To ensure the data literacy programme kicks off as accurately as possible, it is essential that team leaders don’t make assumptions about the levels of comfort and capabilities of their members.
Instead, encourage them to take part in a data literacy assessment, where they will be able to learn more about their current proficiency with data literacy, and identify with data personas – Data Aristocrats, Data Knights, Data Dreamers, and Data Doubters – that will help them grow into a more experienced and skilled data expert. From there, the journey to believing in the power of data will begin based on each persona, and the team can then shift one step closer to transforming their work and their organisation through data.
4. Cultural Shift
Organisations should treat the data literacy programme like any other form of change. Introduce the programme and its goal of advancing the team towards meeting the data needs of Industry 4.0, and gradually weave the importance of data into the organisation’s culture.
Ease the team into using data in their day-to-day activities and help them understand how data can improve their workflow. However, be careful that employees don’t see the programme as an overwhelming change to their workflows, as this can then contribute to data stress that may cost organisations billions in lost productivity.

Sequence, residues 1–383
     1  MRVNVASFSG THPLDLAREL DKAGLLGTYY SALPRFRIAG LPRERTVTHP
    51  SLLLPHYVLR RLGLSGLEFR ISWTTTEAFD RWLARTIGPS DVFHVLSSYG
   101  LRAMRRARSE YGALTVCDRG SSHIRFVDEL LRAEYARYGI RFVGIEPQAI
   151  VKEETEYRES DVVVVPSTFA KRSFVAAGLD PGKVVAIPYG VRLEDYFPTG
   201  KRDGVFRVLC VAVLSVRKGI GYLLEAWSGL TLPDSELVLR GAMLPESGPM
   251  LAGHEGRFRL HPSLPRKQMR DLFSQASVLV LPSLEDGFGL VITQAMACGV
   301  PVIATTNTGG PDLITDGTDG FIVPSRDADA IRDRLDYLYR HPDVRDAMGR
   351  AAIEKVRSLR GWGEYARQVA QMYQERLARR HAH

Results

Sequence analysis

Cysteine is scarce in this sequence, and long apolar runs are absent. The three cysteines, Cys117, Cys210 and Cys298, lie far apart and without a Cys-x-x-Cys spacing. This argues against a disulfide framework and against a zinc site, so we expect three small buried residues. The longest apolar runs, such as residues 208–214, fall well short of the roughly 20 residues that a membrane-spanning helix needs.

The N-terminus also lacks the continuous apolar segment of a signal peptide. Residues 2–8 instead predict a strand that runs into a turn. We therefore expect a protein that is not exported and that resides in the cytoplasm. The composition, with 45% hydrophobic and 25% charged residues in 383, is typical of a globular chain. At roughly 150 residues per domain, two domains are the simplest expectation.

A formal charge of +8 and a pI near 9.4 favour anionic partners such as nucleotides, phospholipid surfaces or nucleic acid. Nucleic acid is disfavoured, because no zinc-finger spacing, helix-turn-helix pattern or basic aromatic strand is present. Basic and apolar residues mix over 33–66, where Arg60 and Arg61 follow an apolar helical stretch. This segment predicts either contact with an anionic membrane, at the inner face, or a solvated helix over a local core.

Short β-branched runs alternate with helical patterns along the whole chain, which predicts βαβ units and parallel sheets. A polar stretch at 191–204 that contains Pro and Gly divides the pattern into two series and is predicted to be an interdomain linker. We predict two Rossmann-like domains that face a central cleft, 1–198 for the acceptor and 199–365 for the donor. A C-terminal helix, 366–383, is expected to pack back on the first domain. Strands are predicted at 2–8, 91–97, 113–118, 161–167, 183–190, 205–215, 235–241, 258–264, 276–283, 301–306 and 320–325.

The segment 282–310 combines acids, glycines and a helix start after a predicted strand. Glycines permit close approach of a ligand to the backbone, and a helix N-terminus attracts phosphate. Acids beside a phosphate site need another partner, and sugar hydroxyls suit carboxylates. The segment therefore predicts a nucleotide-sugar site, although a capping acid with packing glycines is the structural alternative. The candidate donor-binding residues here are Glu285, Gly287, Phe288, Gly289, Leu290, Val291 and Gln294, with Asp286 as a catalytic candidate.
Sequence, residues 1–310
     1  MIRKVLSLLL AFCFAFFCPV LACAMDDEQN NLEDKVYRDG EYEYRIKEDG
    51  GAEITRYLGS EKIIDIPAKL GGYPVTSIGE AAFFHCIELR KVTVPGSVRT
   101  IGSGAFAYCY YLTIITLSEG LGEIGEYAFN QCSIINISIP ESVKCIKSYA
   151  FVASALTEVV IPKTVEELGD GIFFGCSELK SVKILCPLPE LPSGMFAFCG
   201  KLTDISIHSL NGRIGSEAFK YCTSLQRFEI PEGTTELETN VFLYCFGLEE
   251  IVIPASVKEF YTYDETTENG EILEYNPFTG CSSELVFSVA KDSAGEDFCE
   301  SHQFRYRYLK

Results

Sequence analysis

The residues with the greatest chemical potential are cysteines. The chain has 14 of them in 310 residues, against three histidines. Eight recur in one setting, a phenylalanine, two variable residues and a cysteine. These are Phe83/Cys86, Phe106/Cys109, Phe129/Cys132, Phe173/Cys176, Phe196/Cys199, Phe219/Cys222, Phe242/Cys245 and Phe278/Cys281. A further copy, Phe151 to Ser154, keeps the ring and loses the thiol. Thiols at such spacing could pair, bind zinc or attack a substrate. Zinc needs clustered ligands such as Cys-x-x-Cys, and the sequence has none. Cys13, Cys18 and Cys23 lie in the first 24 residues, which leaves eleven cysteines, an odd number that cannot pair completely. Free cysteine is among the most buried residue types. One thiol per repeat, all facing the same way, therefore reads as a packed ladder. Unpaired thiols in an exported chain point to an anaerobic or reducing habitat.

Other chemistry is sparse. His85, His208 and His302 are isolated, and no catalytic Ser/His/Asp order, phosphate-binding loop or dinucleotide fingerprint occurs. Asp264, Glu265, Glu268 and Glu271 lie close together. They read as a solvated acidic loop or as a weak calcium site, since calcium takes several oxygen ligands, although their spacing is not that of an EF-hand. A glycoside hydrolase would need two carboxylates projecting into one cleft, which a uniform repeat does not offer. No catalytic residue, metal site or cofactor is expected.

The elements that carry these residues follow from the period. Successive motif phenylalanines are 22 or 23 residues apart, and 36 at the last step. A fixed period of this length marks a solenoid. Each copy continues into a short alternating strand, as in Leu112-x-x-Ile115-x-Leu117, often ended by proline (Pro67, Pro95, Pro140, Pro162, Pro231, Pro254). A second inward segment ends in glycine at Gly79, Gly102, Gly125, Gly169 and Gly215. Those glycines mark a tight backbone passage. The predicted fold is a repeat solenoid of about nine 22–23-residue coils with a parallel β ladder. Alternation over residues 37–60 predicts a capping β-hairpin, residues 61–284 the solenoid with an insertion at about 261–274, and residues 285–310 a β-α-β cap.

5. Learning, not Training
Promote the direct benefits of learning about data literacy, and how using data can transform work while advancing employees’ careers in line with Industry 4.0. Steer conversations surrounding data literacy away from simply just being another training session, and instead intertwine data usage in the current workflow and emphasise its positive impact on everyone’s job.
For instance, GovTech Singapore – an agency working towards the delivery of Singapore’s government’s digital services to the public – developed a Data Literacy ePrimer programme. It enforces data literacy education through contemporary and interesting modules that involve audiobooks, videos and animated shorts. This approach helps them hit the sweet spot between conveying deep knowledge and injecting fun.
No programme is complete until there are metrics to measure its success. Define the timeline of your data literacy programme and mark items, such as positive trends, data usage, or number of courses completed, to see how employees perceive the programme and the impact it has had on your organisation. There are also certificates that employees can obtain, such as the Data Literacy Project’s world-first comprehensive certification for data literacy. It is important to know how the organisation is growing with data literacy and which areas need to be improved. For progression’s sake, positive results can be celebrated and replicated, whereas negative results can be reviewed as steppingstones for future improvement.
As data literacy becomes the norm in your organisation, you can celebrate as your business gains a competitive edge, with a workforce that is empowered to make use of data correctly. The focus on preparing your organisation to become data literate will define how we move forward in the Fourth Industrial Revolution. There is no time to waste in adapting and pursuing the new opportunities it presents.